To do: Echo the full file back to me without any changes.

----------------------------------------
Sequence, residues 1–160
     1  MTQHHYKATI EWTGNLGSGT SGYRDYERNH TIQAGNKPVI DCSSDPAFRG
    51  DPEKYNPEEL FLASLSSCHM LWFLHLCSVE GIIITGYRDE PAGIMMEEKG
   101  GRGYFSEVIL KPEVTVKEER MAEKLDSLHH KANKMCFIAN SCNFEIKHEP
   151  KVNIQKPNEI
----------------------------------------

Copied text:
Sequence, residues 1–160
     1  MTQHHYKATI EWTGNLGSGT SGYRDYERNH TIQAGNKPVI DCSSDPAFRG
    51  DPEKYNPEEL FLASLSSCHM LWFLHLCSVE GIIITGYRDE PAGIMMEEKG
   101  GRGYFSEVIL KPEVTVKEER MAEKLDSLHH KANKMCFIAN SCNFEIKHEP
   151  KVNIQKPNEI